Theory of Bonding and Structure of Materials
The main topic of this Thesis is total-energy calculations of metallic systems, with and without adsorbates or impurities.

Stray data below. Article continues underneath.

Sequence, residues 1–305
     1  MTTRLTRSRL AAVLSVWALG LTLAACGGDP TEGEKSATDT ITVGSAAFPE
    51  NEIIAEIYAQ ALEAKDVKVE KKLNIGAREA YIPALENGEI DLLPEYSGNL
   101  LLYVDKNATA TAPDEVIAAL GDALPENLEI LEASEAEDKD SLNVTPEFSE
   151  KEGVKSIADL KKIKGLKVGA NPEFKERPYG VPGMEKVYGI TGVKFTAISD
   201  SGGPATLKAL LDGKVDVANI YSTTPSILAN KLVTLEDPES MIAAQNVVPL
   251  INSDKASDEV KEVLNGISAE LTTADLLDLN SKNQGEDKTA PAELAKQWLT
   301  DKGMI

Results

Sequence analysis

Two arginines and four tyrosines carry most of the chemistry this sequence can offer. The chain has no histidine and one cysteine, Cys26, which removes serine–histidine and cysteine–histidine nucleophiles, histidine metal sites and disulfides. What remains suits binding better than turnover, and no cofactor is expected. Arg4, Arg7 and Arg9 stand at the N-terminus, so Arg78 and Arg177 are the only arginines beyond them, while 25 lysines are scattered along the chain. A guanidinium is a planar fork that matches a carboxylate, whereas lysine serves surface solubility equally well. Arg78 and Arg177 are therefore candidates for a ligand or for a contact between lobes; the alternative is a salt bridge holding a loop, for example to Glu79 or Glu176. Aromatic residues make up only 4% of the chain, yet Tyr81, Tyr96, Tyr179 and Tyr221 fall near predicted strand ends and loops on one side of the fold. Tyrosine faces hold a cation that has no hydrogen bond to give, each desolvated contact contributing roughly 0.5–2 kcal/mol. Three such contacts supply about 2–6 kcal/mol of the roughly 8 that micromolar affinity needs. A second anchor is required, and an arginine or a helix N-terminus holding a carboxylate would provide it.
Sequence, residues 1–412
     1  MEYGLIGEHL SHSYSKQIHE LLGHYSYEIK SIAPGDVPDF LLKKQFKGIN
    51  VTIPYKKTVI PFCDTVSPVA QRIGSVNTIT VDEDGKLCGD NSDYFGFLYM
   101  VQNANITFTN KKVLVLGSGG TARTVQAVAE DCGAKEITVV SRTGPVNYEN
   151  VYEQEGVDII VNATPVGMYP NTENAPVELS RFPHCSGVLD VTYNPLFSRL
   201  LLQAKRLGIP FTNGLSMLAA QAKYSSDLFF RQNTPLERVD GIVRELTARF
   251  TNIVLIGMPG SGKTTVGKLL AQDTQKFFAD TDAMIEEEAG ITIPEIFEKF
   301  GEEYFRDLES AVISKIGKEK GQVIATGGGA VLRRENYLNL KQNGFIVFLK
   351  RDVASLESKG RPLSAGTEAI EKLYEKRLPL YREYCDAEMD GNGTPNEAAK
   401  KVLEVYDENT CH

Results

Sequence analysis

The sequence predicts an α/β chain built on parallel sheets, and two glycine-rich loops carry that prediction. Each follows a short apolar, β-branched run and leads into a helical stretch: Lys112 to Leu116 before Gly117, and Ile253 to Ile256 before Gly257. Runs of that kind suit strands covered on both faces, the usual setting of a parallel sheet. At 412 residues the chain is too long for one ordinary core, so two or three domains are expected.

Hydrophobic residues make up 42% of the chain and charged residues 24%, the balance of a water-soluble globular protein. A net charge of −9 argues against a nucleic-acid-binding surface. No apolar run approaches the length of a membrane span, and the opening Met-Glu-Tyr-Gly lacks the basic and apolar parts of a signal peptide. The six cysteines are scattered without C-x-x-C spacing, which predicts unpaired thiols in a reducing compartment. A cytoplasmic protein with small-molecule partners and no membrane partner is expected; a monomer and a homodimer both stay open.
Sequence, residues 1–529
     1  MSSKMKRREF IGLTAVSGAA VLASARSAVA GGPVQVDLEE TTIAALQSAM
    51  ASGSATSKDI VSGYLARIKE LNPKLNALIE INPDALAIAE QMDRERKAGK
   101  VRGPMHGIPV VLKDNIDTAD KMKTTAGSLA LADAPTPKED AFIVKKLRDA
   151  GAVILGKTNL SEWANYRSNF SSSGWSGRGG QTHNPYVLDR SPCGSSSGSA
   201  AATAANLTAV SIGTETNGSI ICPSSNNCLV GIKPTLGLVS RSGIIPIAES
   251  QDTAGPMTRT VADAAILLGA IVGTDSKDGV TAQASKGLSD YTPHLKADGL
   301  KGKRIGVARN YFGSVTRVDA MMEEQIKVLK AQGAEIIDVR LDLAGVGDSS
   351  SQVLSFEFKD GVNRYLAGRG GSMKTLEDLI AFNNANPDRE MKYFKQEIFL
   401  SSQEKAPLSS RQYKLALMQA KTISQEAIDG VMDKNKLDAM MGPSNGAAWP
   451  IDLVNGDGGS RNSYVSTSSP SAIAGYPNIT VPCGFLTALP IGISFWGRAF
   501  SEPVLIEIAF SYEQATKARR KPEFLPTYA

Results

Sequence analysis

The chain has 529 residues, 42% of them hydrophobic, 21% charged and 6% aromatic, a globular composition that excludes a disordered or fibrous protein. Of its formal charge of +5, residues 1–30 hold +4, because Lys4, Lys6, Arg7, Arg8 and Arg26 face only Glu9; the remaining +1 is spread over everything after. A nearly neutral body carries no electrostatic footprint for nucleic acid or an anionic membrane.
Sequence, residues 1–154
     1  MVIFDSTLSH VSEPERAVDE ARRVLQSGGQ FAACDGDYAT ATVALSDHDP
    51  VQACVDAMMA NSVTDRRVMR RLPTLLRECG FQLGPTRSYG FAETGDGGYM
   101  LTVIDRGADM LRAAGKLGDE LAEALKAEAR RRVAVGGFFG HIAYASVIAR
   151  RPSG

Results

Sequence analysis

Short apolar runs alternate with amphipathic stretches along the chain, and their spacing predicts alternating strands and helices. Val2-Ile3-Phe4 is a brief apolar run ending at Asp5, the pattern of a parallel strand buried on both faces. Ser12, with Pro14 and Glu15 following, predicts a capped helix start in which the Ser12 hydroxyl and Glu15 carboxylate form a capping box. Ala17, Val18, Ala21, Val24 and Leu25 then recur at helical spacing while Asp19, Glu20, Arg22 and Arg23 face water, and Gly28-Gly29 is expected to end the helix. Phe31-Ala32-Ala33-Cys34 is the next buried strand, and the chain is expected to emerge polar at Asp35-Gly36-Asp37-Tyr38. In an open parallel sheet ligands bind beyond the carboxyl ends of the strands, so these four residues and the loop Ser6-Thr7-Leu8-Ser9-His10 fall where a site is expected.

In this Effective-Medium Theory the expression for the total energy of a system of interacting atoms is divided into three terms. In this thesis all three terms have been re- investigated and improved. Paper VIII; The cohesive term contains cohesive contributions from each of the participating atoms. These so-called Ec-energies have been calculated more accurately, within the generalized-gradient approximation (GGA- II) for exchange-correlation effects. Such Ec results are presented for all the atoms in the first three rows of the periodic table and for a few more embedded atoms. The corresponding Ec energies have been recalculated within the LDA, to be able to compare them with the new results. There are significant changes for several atoms. Papers V-VII; The atomic-sphere-correction term has been reformulated to yield satisfying accuracy even for mixed systems. The new parametrization for the mixed system reduces properly to the one for a single-component system in the proper limit. Applications to, e.g., hydrogen in palladium show that it can give a useful accuracy and also results in agreement with experiment. Also new methods to calculated the one- electron term has been proposed in this thesis. They are based on comparisons with first-principles calculations for certain configurations. For some applications a data-base produced by the CASTEP method is utilized, in others the recursion method is advocated. In this way angular forces can be accounted for. As there are no empirical parameters in the scheme, many different kinds of atoms can be described in many different configurations, and many different compounds can be investigated without prior knowledge about the system. The scheme is not only versatile and flexible. With the improvements, chemical accuracy is being approached in a fast and calculationally simple scheme. Papers I-IV,IX,X; The EMT is applied to a wide range of systems and physical problems in the thesis, including initial stages of oxidation of aluminium, the elastic properties of hydrogen-doped palladium and platinum, chemisorption properties of magnesium, hydrogen-magnesium interactions, intentionally structured catalyst, cohesion of aluminium, bonding properties of YBaCO, and heteroepitaxial growth of magnesium on a palladium surface. These applications tell us that we can count on and with the EMT also in future applications, giving us more information about and a deeper insight into difficult problems concerning bonding, structure and related properties of materials.